My Mom encouraged me to go green in every aspect of my daily life in whatever way I can. She told me several times that she and my Dad came from India to US and survived in the US for 6 years without car by just relying on public transport.
That encouraged me to walk to my school - Rancho Elementary in Novato to make the environment free from pollution. I am proud when I stop at the pedestrian way for 1 or 2 minutes waiting for the ongoing traffic to stop.
I feel so proud that I'm saving couple of bucks to my parents for gas and could use the same money for my college. On my way to school I enjoy walking in the small path surrounded by bamboo trees on one side and beautiful flowers and creepers on the other side. It is a great way to start the day by breathing cool fresh air. I’m enjoying the beauty of all seasons by walking to school like a free bird flying in high sky without any limits.
#5 Christine Sorensen, Larkspur –Corte Madera Patch
The Left Bank - $100 gift certificate winner
When I was in first grade I walked to school alone. The building was across the street, then around the corner- a two minute walk. It was 1978, Massachusetts.
I had a front door skeleton key on a shoelace that I wore around my neck. I remember my darling teacher Mrs. Archer, and I remember my friends, but what I remember the most was skipping school to play in the local park, pick tulips from neighbor's yards and buy penny candy from the local drugstore. Overeating powdered grape Kool-Aid mix and finding dead cats are some of the highlights.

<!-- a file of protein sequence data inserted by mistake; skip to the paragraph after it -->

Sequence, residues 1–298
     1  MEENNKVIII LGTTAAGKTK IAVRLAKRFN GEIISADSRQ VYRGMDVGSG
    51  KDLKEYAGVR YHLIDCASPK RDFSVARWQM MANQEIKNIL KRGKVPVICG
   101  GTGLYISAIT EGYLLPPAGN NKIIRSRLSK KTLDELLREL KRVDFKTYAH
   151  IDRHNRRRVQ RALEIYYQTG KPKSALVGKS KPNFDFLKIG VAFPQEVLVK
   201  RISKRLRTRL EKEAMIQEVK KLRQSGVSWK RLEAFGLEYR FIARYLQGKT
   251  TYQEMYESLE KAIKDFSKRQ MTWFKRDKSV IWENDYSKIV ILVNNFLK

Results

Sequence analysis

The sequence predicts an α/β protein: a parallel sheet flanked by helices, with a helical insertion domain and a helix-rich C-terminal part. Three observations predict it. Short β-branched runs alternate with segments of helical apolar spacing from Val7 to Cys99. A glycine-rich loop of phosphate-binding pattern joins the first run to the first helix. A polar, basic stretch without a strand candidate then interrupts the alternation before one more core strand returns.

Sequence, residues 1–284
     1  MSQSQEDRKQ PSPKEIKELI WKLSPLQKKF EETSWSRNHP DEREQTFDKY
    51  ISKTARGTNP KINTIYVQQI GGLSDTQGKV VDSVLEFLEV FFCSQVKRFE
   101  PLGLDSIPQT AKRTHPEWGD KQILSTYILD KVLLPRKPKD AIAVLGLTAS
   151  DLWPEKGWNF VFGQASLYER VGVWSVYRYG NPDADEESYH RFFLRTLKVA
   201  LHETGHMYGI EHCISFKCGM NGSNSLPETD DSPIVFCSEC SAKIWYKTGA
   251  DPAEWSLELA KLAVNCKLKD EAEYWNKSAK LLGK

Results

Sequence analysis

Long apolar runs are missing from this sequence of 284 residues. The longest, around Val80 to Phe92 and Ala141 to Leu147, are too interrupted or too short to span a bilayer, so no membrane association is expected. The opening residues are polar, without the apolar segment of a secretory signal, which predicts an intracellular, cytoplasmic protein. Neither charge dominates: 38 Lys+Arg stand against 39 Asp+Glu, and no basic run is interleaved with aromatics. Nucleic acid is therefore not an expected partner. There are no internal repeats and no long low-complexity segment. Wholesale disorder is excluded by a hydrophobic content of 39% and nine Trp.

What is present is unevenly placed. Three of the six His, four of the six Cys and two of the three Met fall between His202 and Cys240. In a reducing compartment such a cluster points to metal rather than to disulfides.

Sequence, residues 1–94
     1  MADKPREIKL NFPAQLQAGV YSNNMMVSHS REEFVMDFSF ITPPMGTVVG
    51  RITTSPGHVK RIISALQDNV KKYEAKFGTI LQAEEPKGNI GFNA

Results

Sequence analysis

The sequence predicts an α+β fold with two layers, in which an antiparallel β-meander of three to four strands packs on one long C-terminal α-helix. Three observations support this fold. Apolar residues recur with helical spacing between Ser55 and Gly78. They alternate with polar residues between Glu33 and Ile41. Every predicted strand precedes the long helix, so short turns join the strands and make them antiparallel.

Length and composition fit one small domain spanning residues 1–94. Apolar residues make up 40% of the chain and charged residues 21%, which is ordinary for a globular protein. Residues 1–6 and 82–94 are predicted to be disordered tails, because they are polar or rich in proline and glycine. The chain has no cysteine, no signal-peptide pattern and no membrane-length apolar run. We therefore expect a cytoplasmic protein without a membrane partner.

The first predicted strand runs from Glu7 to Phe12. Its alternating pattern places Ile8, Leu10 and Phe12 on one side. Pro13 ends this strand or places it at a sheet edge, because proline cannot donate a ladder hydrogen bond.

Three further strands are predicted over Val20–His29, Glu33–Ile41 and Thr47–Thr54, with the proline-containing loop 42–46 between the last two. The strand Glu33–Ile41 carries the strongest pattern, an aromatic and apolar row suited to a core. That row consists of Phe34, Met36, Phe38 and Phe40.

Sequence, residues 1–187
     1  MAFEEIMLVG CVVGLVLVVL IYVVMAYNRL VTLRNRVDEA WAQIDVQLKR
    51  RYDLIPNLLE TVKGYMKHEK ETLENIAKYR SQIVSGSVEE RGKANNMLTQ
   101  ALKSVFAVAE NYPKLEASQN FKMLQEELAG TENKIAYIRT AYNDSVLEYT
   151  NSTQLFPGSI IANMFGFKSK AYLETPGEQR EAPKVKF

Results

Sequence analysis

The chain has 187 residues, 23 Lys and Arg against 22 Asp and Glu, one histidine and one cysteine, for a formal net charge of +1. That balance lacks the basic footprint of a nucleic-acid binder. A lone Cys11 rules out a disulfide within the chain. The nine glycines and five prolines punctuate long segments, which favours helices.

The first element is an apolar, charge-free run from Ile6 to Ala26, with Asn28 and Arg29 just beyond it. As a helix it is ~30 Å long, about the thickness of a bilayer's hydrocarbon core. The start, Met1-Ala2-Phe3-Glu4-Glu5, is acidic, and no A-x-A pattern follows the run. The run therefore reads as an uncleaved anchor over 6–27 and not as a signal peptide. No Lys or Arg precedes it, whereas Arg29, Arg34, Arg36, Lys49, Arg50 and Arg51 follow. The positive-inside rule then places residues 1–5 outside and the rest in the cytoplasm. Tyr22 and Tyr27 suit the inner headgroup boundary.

But it all came to head the day I raced across the street without looking first. I knew better, and as the oncoming car gently hit me I heard my mother's voice in my head. Look before you cross! I was ok, but that marked the end of my latchkey days.
THANK YOU to our restaurant sponsors for supporting Safe Routes to Schools in our fall contest with your generous donations: Buckeye Roadhouse, Mill Valley; Joe’s Restaurant, San Rafael; The Left Bank, Larkspur; Muscio’s Italian Restaurant, Novato; Steakhouse Bar and Grill at Deer Park Villa, Fairfax.
Many of us have fond memories of riding our bike to school. Thirty years ago, biking and walking to school every day was the norm for most of us. Having Mom or Dad drive us to school was not even an option! Today, biking is making a big comeback in Marin County and becoming part of our culture. Safe Routes to Schools asks parents to use these guidelines when encouraging your child to bike to school:
Ride With Your Kids
The best way to persuade your children to embrace cycling is to ride with them, when they are in elementary school. Show them how to stop at corners, and look and listen for cars. If they are resisting biking to school, then offer a reward like stopping at a local ice cream shop or the library on the way home.
Practice Traffic Skills
Teach your children that their bicycles are vehicles, just like cars. Obey stops signs and traffic signals, and show them how to hand signal when biking.
Make a Road Map
Sometimes, the most direct route to school isn’t the safest. Identify the lowest traffic roads and safest route from your home to school, even if it’s a longer ride.
Wear a Helmet
Teach your child how to adjust their bike helmet straps so it fits properly, and the importance of wearing a helmet every time they ride to protect their brain.
Wearing bright clothing is also important so other road users can see them easily.
Organize a neighborhood bike train
Worried about your kid riding to school alone? Coordinate with families in your neighborhood and start a bike train. Parents can take turns leading the group and have fun bonding with families on the way to school. And what a memory for your child!